The second piece of legislation, S 753 and H 2165 the Access to DNA bill, will provide post conviction access to DNA evidence.  David E. Meier, Martin F. Murphy, Gregory J. Massing, and David M. Siegel, all experts in the criminal justice system and members of the BBA Task Force to Prevent Wrongful Convictions, testified on behalf of the BBA in support of legislation that would put in place a mechanism for post conviction DNA evidence testing.  The panel discussed their work on the Task Force, presented the need for this statute and set the stage for a group from the New England Innocence Project which followed with compelling stories of how Massachusetts’ lack of an access to DNA testing statute has harmed them.

Betty Anne Waters shared her story.  Her brother Kenny was wrongfully convicted of murder and robbery in 1983, and spent 18 years in prison while Betty Anne earned her college and law school degrees in order to represent and exonerate him.  The Committee also heard from Dennis Maher who was wrongfully convicted of two rapes and an attempted rape.  Dennis was sentenced to 20 to 30 years in prison but was finally released after DNA proved he did not commit those crimes.  Dennis’ Op Ed describing what happened to him appeared in yesterday’s Boston Herald.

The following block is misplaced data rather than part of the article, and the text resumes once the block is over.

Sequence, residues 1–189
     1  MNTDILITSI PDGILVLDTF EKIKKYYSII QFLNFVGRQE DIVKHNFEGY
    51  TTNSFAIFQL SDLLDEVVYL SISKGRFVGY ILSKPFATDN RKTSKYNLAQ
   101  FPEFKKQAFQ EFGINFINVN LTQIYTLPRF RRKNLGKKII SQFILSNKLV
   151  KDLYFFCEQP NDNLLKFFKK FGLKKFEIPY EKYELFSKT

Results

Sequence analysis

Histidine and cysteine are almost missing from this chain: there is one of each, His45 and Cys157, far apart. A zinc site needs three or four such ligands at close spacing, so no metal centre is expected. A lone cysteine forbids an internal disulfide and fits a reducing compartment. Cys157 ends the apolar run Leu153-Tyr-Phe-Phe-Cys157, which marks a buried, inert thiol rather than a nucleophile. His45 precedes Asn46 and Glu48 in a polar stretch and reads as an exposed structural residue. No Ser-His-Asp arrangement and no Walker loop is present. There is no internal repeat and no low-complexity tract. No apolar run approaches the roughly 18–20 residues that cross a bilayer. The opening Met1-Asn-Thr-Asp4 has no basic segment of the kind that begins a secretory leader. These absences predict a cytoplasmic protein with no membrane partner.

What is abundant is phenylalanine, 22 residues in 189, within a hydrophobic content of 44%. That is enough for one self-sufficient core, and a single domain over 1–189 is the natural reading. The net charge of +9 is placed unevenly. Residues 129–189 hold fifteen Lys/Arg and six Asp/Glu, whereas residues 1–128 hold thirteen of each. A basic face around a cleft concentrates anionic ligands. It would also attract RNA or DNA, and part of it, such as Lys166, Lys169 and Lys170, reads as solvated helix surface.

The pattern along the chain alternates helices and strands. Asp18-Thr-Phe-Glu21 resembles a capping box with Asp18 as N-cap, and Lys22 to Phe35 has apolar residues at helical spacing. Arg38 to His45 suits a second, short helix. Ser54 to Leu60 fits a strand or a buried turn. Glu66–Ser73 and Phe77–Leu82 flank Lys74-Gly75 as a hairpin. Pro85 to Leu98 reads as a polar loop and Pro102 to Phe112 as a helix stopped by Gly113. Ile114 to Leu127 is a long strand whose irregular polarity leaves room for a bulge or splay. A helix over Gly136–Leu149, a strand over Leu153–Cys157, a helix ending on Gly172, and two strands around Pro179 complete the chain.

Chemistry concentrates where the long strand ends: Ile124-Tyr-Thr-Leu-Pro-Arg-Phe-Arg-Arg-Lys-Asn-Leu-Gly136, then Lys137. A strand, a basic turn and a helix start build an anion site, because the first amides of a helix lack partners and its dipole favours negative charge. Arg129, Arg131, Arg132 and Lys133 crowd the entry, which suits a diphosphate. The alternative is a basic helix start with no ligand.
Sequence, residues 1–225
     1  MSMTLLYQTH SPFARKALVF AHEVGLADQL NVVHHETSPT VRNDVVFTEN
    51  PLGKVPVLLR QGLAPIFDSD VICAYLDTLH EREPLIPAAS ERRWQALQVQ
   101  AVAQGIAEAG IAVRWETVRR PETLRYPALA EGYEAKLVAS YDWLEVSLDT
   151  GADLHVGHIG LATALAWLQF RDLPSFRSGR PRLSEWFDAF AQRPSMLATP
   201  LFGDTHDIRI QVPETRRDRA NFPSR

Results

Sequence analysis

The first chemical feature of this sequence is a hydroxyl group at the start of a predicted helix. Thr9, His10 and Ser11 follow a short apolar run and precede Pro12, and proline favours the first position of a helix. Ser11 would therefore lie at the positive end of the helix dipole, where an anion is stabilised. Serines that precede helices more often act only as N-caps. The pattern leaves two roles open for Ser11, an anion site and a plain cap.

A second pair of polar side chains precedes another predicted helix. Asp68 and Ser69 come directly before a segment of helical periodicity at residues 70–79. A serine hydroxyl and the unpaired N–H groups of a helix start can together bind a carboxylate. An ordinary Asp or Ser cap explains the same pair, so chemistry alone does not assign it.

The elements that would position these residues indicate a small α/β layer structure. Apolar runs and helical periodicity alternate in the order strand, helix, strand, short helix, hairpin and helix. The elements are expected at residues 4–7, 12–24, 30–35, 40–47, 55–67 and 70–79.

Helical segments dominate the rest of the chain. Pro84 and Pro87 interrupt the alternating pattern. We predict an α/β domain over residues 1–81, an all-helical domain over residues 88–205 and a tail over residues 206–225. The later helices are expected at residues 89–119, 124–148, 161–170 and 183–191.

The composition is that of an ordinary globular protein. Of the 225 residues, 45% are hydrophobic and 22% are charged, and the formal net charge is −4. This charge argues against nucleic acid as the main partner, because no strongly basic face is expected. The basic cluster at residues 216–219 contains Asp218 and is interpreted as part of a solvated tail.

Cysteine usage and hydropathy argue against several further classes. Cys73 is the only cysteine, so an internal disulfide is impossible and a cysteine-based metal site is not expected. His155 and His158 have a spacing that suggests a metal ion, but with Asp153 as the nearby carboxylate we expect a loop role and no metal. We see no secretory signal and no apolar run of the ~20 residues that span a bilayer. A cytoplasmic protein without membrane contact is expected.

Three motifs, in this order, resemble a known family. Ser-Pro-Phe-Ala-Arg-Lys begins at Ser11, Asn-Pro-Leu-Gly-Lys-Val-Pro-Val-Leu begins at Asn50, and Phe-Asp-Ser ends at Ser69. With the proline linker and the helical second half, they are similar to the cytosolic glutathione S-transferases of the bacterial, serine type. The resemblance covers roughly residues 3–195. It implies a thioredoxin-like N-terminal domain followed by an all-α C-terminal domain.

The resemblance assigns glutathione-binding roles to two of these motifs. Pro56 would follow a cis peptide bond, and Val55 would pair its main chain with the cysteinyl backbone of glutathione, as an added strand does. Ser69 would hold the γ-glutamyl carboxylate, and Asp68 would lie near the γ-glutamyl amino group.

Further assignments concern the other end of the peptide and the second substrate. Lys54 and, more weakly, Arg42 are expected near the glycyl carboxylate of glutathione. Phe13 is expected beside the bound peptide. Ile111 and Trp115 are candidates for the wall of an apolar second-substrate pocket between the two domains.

Alimony Reform Moves Favorably from Judiciary

The Alimony Reform Act, S 665, was reported favorably by the Judiciary Committee last week.  It is expected that the House will debate the bill next Wednesday.  The bill will move on to the Senate soon after the House finishes its debate.  You can read more about the BBA’s efforts on the Alimony Reform Act from our coverage here on Issue Spot.

Human Trafficking Bill Moves to the Senate